Now with the Cubs, Joc Pederson sets out to prove something…to himself
MESA, Ariz. — You could say Joc Pederson has a chip on his shoulder.
But he’s setting out to prove something to himself — not necessarily the rest of baseball.
“I know what type of player I am and just getting the opportunities is going to be good for me,” he said. “I guess you could say I gotta prove some stuff, but I’m not out to prove it for anybody but myself.
“I know what I can do and I’m not going to add pressure like, ‘I gotta do this for you or them.’ It’s like, no, I know what type of player I am and to get the opportunities, it’s going to be fun. It’s going to be a fun year in Chicago.”
He had multi-year offers in free agency, but ultimately chose to sign a one-year pact with the Cubs because they offered him the chance to be an everyday player. He opted to bet on himself over the security of a longer deal.
Pederson, who turns 29 in April, just hit free agency for the first time this winter after spending his entire adult life in the Dodgers organization. In seven years in L.A., he hit 130 homers and posted an .806 OPS.
He made the playoffs each year with the Dodgers, including winning the World Series last fall.
But he also felt he was put into a box in his time with L.A. as a left-handed hitter who only faced right-handed pitchers.
Over his career, 15.3% of his plate appearances have come against southpaws. That number has dropped steadily since he broke into the league as the Dodgers have maximized platoons. Last year, Pederson notched just 10 plate appearances against lefties and 128 against righties.
He believes strongly he can succeed against lefties, too.
“I don’t think I am respected as an everyday player; a lot of teams didn’t want to pursue me as that,” Pederson said. “I’m excited for this opportunity and it’s fun to come to the field everyday knowing that I’m getting another shot. I love it.”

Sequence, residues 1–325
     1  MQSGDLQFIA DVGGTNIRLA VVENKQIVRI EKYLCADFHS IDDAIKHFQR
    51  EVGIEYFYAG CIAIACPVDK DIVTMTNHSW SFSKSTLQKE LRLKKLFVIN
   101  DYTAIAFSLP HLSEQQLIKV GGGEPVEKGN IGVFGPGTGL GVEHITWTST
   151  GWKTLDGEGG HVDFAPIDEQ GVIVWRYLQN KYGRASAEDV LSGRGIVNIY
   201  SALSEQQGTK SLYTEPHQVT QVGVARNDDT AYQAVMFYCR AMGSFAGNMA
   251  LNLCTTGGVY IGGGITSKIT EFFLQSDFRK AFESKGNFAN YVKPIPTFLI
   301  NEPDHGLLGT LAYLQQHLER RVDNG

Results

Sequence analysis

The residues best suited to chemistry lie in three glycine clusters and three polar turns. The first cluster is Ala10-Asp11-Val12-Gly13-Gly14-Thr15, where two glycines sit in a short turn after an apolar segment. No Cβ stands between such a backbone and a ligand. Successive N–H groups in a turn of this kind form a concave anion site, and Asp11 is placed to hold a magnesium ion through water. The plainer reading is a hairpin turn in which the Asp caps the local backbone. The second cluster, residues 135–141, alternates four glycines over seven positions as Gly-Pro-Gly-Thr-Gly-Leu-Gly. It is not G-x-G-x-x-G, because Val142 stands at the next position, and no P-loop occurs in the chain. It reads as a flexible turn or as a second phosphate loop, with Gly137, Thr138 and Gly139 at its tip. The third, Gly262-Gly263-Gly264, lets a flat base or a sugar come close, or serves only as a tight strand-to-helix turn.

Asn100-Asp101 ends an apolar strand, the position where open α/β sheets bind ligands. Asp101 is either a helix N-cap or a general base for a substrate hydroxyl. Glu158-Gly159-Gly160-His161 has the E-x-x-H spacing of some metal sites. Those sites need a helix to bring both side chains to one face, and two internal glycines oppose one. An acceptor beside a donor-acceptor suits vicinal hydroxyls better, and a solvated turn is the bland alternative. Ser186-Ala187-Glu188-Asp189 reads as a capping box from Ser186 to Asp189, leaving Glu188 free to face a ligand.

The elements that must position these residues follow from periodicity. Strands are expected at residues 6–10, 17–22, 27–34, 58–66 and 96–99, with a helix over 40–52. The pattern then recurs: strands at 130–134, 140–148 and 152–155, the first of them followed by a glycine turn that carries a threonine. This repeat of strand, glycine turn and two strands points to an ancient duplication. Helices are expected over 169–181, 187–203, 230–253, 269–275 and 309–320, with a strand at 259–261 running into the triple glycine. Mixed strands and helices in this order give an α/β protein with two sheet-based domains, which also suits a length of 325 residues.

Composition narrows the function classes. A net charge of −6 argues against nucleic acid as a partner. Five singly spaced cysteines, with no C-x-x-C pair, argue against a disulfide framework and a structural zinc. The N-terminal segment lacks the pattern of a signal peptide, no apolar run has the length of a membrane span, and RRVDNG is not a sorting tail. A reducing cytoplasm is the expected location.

He got pretty far down the road with other teams this winter but when they ultimately decided they wanted him to slide back into a platoon, Pederson decided to take his fate into his own hands.
He detailed the process in a thoughtful Players’ Tribune article but in short, he went searching for an opportunity and landed on the Cubs.
As talks with the Cubs advanced, Pederson had a straightforward conversation with manager David Ross about playing everyday.
“He was super honest and up front and that’s kinda how I am — I’m pretty blunt,” Pederson said. “He was really excited. He was like, ‘I didn’t know we were going to talk to free agents of your caliber.’
“It was [Ross] basically saying, ‘hey, I’m going to pencil you in there every day and if we come to July and you’re not cutting it and you’re hitting .150 against lefties, we’re still here to win ballgames.’ And I said, ‘absolutely, I’m not looking for anything guaranteed. I want a real opportunity.’ And basically he said, ‘we’re gonna give you that.’
“I trusted him and I think he’s trusting me. It’s going to be a lot of fun. There’s no guarantee this is how things are going to go or whatnot, but the opportunity is there.”
When asked if there’s more of a complete player in him than he’s shown to this point in his career, Pederson said simply:
“Yeah, there is.”